When CFCAS funding was not renewed, it looked as though PEARL was destined to close in 2013, but new funds were found in a one-time program from NSERC – the Canadian Climate and Atmospheric Research (CCAR) program, which funded PEARL through the Probing the Atmosphere of the High Arctic (PAHA) network along with six other major environmental networks in the 2013-2018 time frame. However, in 2018, all these networks come to the end of their funding and, despite a highly positive review of the program and requests by NSERC to the government, there is at present no successor program.

Thus, in late 2017 PEARL again faced closure. Some of you will have seen some of the press coverage that flowed from that announcement and the realisation that not only was PEARL ending, but so were the six other major environmental projects of CCAR. NSERC described this as eliminating: “ of the only sources of public funding for research on climate change and atmospheric processes” (

On November 8, 2017 the government announced additional funding for PEARL in the amount of $1.6M to carry the facility to the Fall of 2019, by which time we hope that further funding will have been found.

Three photos. First shows a snow covered scene, with the setting sun, and 3 satellites in the foreground. Second shows a large red shed-like building, on a barren, brown, snow-free Arctic Landscape. Third shows a man sitting at a computer workstation.
LEFT: PEARL has a full-time internet connection through the Telesat Anik F2 satellite. Eureka is probably the site of the most northerly geostationary communications links on the planet and the technology and operational strategies to keep them running are themselves a research problem. PEARL is connected through a C-band link and we have experimented with Ka-band in collaboration with the Canadian Space Agency (photo credit: Jim Drummond).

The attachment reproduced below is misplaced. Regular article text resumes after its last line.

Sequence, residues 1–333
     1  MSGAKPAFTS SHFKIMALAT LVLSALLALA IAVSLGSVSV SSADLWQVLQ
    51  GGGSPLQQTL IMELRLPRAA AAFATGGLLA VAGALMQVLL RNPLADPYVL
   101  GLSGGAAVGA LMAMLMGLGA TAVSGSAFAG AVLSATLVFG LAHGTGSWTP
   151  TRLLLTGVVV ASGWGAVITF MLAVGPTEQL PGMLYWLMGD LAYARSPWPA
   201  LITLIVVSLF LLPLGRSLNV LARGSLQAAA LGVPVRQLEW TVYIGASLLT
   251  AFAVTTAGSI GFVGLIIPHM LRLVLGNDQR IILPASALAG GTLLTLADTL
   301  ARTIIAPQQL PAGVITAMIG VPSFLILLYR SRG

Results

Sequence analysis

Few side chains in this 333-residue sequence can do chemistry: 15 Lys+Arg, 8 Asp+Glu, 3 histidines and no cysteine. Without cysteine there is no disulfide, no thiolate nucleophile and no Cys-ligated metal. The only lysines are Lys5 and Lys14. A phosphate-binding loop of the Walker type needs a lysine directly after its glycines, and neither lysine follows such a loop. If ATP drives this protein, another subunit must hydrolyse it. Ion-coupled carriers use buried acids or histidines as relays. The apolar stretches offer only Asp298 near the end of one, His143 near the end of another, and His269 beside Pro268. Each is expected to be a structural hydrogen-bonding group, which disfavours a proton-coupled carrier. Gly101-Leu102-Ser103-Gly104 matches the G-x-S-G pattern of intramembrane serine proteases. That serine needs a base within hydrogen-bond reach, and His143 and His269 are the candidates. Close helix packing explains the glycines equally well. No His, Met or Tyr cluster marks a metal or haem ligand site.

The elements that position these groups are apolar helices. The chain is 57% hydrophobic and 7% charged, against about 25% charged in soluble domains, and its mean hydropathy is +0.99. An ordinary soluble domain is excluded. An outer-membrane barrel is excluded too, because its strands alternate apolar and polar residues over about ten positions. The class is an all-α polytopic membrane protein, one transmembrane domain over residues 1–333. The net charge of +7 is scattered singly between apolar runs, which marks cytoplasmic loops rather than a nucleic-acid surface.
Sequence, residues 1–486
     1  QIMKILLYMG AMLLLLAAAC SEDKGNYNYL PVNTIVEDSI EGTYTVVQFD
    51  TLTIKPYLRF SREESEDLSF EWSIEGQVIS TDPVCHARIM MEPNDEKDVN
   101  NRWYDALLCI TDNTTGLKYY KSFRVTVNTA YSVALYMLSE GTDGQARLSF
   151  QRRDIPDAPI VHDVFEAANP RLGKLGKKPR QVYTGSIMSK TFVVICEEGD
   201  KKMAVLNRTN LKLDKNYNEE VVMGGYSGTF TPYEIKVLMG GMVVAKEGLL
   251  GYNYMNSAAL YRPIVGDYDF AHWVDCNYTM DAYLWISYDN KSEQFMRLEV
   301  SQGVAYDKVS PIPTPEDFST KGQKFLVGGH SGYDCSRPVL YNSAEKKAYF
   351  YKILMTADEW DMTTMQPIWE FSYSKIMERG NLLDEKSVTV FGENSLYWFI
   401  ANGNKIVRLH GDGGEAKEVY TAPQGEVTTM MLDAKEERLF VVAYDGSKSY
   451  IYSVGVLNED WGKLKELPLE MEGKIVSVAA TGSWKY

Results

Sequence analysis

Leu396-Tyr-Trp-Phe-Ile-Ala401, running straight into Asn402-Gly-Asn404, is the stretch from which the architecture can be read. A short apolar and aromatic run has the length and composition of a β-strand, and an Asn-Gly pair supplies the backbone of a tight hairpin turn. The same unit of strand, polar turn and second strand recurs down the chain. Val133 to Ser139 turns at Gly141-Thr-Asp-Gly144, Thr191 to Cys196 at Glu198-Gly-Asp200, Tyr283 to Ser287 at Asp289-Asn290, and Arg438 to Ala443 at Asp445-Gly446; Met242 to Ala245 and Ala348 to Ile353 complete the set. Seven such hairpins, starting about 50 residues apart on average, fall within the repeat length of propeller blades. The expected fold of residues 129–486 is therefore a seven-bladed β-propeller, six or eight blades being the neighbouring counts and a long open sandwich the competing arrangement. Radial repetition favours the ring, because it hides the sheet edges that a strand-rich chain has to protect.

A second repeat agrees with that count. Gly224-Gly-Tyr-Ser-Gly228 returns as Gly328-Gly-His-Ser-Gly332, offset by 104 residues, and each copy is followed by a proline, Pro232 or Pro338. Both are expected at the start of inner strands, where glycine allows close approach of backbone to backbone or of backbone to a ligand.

CENTRE: The PEARL Ridge Laboratory from the air on a rare summer day with no snow visible. The Ridge Laboratory is owned and maintained by Environment and Climate Change Canada. (photo credit: Paul Loewen)
RIGHT: Inside the PEARL facility it feels like a regular laboratory. Here one of the PEARL operators is using one of the many computers used to monitor instruments, collect data and send them south for processing and archiving (photo credit: Pierre Fogal)

Why is PEARL at Eureka so important? After all, it is in the very far North of Canada over 400 km north of Grise Fiord, which itself is the most northerly community in Canada. It is only accessible by charter plane and has no landlines or fiber for communications. The answer to this question has several facets which we will outline briefly.

Firstly, the atmosphere at these very high latitudes is highly sensitive to the prolonged polar night which lasts from mid-October to mid-February and sets up atmospheric physical and chemical conditions that are extremely different from those at more southerly latitudes. The study of the Polar atmosphere stretches our understanding of the atmosphere in unique ways.

Secondly, PEARL is situated in the Canadian Arctic which itself is changing due to a confluence of several factors linked to natural and anthropogenic activities. PEARL regularly records particulate and chemical intrusions from forest fires, smelters and volcanoes. PEARL also carries out measurements of ozone-related gases and is one of the few High Arctic contributors to the global Network for the Detection of Atmospheric Composition Change (NDACC) network of similar stations.

Thirdly, we know that climate change is occurring faster in the Arctic than in other regions of the planet and again the atmosphere at PEARL is sufficiently different that it merits both research study as well as long-term monitoring of the changes that are occurring. PEARL is one of the few High Arctic contributors to the Total Carbon Column Observing Network which, like NDACC, has stations all over the world but it also an integral part of the calibration systems for the satellites in orbit measuring carbon dioxide over the planet.